Since the early 1980s, engineers and geologists have been unlocking the secrets of coal seam gas reservoirs. With time and technology advances, such as multi-lateral horizontal drilling, these reservoirs have contributed mightily to the Nation's gas supply. Many of these prolific reservoirs are maturing and field operators now look to improve incremental recoveries from these natural gas sources. One such method is through the use of carbon dioxide enhanced coalbed methane (CO2-ECBM).
CO2-ECBM is a process by which the gas is injected into a coal seam, it is preferentially adsorbed onto the coal, allowing incremental methane to desorb and be produced. This very unique characteristic of a coal allows it to serve double-duty as both a storage reservoir and the seal. As such, geologic sequestration of carbon dioxide in deep, unmineable coal seams may hold tremendous promise for long-term, secure storage of the greenhouse gases as well as providing incremental methane recovery.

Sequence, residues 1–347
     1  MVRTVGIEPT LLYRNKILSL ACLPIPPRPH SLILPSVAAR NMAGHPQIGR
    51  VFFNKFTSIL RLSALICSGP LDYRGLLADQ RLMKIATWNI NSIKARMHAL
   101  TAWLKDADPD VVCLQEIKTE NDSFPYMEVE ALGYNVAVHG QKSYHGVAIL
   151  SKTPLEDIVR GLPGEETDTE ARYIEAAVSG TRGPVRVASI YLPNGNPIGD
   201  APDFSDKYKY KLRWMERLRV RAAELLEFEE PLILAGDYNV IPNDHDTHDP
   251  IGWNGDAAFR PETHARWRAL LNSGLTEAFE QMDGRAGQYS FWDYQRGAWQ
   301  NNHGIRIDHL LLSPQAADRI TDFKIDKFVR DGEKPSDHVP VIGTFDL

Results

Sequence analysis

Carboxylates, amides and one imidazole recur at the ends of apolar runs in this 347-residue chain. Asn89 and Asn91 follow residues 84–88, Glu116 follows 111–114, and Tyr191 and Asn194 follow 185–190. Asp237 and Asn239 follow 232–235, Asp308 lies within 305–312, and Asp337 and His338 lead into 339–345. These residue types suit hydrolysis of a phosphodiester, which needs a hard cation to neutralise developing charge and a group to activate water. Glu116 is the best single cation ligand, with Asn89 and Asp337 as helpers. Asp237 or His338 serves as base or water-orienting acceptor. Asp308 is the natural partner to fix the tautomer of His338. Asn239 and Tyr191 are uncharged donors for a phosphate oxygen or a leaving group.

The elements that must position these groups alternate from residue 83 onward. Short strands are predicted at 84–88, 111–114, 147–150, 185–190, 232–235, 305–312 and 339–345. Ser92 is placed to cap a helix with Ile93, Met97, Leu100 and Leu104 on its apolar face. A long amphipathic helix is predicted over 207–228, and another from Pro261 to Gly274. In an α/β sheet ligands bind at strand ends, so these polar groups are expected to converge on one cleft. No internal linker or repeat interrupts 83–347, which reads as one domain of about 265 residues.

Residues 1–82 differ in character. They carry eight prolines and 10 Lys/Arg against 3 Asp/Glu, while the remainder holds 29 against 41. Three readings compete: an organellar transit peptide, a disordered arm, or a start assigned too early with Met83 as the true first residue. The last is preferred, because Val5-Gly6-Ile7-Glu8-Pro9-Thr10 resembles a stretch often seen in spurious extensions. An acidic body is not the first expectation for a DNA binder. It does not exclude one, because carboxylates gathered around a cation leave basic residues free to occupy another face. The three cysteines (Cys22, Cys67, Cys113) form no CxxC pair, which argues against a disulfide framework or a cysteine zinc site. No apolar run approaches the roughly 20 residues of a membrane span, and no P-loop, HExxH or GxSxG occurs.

However, with only a handful of CO2 injection pilots having been conducted, it seems more questions are being asked regarding the viability of the process than being answered. This paper will focus on the lessons learned from several large-scale and small-scale tests, framing these results against capacity and injectivity estimation and long-term suitability for various coal types/ranks.